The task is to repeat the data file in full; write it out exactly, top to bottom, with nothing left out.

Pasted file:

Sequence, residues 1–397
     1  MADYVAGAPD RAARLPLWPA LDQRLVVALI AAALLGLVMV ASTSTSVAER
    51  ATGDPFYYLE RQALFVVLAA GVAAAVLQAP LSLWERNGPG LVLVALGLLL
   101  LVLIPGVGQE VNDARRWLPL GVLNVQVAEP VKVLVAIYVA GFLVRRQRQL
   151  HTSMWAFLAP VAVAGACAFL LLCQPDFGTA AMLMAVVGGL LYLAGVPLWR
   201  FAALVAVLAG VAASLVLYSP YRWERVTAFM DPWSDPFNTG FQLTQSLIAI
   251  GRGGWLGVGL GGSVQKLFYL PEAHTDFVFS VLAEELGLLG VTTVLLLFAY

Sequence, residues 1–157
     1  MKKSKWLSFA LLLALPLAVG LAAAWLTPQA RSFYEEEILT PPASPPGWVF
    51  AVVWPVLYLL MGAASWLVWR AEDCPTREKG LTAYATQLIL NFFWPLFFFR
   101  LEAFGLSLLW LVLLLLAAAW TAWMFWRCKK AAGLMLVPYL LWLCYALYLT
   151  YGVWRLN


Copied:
Sequence, residues 1–397
     1  MADYVAGAPD RAARLPLWPA LDQRLVVALI AAALLGLVMV ASTSTSVAER
    51  ATGDPFYYLE RQALFVVLAA GVAAAVLQAP LSLWERNGPG LVLVALGLLL
   101  LVLIPGVGQE VNDARRWLPL GVLNVQVAEP VKVLVAIYVA GFLVRRQRQL
   151  HTSMWAFLAP VAVAGACAFL LLCQPDFGTA AMLMAVVGGL LYLAGVPLWR
   201  FAALVAVLAG VAASLVLYSP YRWERVTAFM DPWSDPFNTG FQLTQSLIAI
   251  GRGGWLGVGL GGSVQKLFYL PEAHTDFVFS VLAEELGLLG VTTVLLLFAY

Sequence, residues 1–157
     1  MKKSKWLSFA LLLALPLAVG LAAAWLTPQA RSFYEEEILT PPASPPGWVF
    51  AVVWPVLYLL MGAASWLVWR AEDCPTREKG LTAYATQLIL NFFWPLFFFR
   101  LEAFGLSLLW LVLLLLAAAW TAWMFWRCKK AAGLMLVPYL LWLCYALYLT
   151  YGVWRLN